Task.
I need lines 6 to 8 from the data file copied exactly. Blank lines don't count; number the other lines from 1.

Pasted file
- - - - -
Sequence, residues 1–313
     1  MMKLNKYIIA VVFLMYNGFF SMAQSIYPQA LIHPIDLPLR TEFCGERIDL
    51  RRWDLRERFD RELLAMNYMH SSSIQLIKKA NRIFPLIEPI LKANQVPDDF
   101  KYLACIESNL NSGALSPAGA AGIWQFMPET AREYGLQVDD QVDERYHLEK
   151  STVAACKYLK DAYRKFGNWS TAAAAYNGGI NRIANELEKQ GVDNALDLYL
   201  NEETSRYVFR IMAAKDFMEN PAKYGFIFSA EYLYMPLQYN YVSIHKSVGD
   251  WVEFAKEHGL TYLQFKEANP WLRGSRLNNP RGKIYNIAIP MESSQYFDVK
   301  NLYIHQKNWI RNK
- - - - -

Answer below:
   201  NEETSRYVFR IMAAKDFMEN PAKYGFIFSA EYLYMPLQYN YVSIHKSVGD
   251  WVEFAKEHGL TYLQFKEANP WLRGSRLNNP RGKIYNIAIP MESSQYFDVK
   301  NLYIHQKNWI RNK